May 9, 2018

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FDA formally sets Nutrition Facts & Supplement Facts compliance date of 1/1/2020

May 4, 2018, the FDA has announced:

 

U.S. Food and Drug Administration formalized the new compliance deadline to update the Nutrition Facts and Supplement Facts labels as January 1, 2020 for large manufacturers (and January 1, 2021 for small manufacturers). On that date, all labels must be applied to retail food and dietary supplement packages with the most recent regulatory updates for nutrition values and formats. The original compliance date was July 26, 2018 (or 2019) which was two years after the regulations were announced on May 26, 2016. [Hence the confusion whether the “new” regulations are 2016 or 2018 “versions”!] The extension had been mentioned by FDA but not formalized until now. “Large” manufacturers is set by FDA as those with $10 million or more in annual (global) food sales while “small” manufacturers means those with less than $10 million in annual food (global) sales. The agency published a proposed rule

 

The approximately 18-month extension is to help companies gather more information and to provide sufficient time to also add the required label disclosure of genetically engineered content announced today by the USDA. The transition will take many person-hours to adapt to the new reference serving sizes, document added sugar content, reformulate if manufacturers want to keep fiber claims, and a host of other formatting changes that the software databases have not accommodated.

 

The FDA is also committed to ensuring that all manufacturers have guidance to help implement the required label changes by the upcoming compliance dates. A full list of Nutrition Facts-related guidance documents is available on the FDA website.

For Additional Information:

May 9, 2018

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Federal Organic and GMO labeling rules proposed by USDA

 

The United States Department of Agriculture released its proposed rules for declaring “bio-engineered food ingredient” content on most foods that are not organically certified. The required disclosure will a federally mandated message rather than a warning, as is the case of with high risk products.

 

Industry and consumers only have until July 3, 2018 to make comments to the proposed rules–with no hope of an extension. USDA has set compliance dates to coincide with the FDA’s new nutrition facts and supplement facts label updates: January 1, 2020 (or 2021 for small manufacturers).

 

Comments are requested by the USDA regarding which disclosures are most suitable and if “TWO pre-approved lists of agricultural crops” make the most practical sense for designation of “b-e” foods and “b-e” food ingredients. The lists would be updated periodically and USDA is seeking comments on this practicality, too.

 

Comments may be submitted online through the Federal eRulemaking portal www.regulations.gov beginning Friday May 4. Comments may also be filed with the Docket Clerk, 1400 Independence Ave., SW, Room 4543-South, Washington, DC 20250; Fax: (202) 690-0338.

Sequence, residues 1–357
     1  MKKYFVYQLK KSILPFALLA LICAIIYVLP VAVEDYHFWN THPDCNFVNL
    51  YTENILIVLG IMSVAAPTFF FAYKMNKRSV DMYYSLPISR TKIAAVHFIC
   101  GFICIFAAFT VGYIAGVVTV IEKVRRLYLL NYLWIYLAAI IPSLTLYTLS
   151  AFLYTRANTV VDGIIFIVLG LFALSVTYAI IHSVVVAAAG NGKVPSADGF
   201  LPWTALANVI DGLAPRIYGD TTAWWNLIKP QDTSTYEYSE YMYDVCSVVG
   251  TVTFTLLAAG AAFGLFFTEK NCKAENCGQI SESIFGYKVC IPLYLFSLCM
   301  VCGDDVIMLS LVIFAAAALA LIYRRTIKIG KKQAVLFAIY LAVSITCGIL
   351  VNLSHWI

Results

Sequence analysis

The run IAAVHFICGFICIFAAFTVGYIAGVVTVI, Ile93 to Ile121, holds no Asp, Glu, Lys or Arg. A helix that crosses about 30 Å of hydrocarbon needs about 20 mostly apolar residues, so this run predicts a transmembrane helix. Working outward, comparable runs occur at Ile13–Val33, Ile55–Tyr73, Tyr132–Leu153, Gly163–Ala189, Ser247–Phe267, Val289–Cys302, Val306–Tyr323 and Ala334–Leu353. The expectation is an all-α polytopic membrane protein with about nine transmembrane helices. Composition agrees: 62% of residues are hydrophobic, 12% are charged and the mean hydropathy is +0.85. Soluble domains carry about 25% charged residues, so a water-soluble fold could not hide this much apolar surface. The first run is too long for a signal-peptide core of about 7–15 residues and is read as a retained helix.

The deadline for comments is July 3, 2018

 

The USDA is proposing disclosures on packages –similar to the National Organic Program regulations–in the form of:

  1. logos,
  2. phone numbers that may receive text messages,
  3. electronic codes, or
  4. a designated phrase

The disclosure will not use the popular terms “Genetically Modified Organism” or “GMO”. Rather the USDA believes “bio-engineered” is a more realistic  term to comply to the law signed in 2016. This was the federal law enacted to avert a state-by-state patchwork of GMO-labeling laws.

 

 

The National Bioengineered Food Disclosure Standard Law was enacted by Congress on July 29, 2016. The proposed rule previewed in the May 3, Federal Register.

March 20, 2018

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Kombucha lawsuits highlight risk for new products

The recent FoodNavigator article “Health-Ade lawsuit highlights continuing area of legal vulnerability for kombucha makers: sugar and alcohol levels…”  highlights the risks for kombucha makers.  Their article does a good job of covering the issues from the Bayol v. Health-Ade LLC et al case filed March 6th in Northern California against Health-Ade LLC and Whole Foods Market California, Inc.

 

The lawsuit simply says (1) the alcohol level of the fermented beverage routinely exceeds 0.5% alcohol, and thus should be classified as an alcoholic beverage.

However we have seen a similar class action lawsuit – Millennium and Whole Foods agreed to pay $8.5Million in a class action lawsuit for mislabeling the GT Kombucha as a non-alcholic drink.

 

This two cases highlight, the inherent risks when entering new product categories.  Companies should look at their entire portfolio of products and evaluate their risk. Products in new product category have greater risks.  New product categories have the greatest potential “known unknowns” – i.e. we would expect that because their new categories, we don’t know everything about them.

 

 

January 22, 2018

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Do-it-yourself Guide to Organic Certification Fact-Checking

Shoppers buy from farmers markets to  support local businesses and farms, and buy the fresh organic produce and home made products.

But just because the farmer says its organic doesn’t mean it is organic, especially since food fraud is on the rise.  (See Two Huge Cases of Organic Food Fraud)

Even Congress is looking to fund the USDA to fight fraud.

So what is a local consumer to do?

A colleague brought to our attention this wonderful consumer Farmers Market Organic guide for  do-it-yourself verification of the Farmers Market sellers’ claims. (see also Cornucopia’s posting)

 

 

November 2, 2017

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“Local” — “Naturally” the next big fight?

Kelley Drye & Warren LLP, “Ad Law Access” bring us an article “Local” Means Something, but What?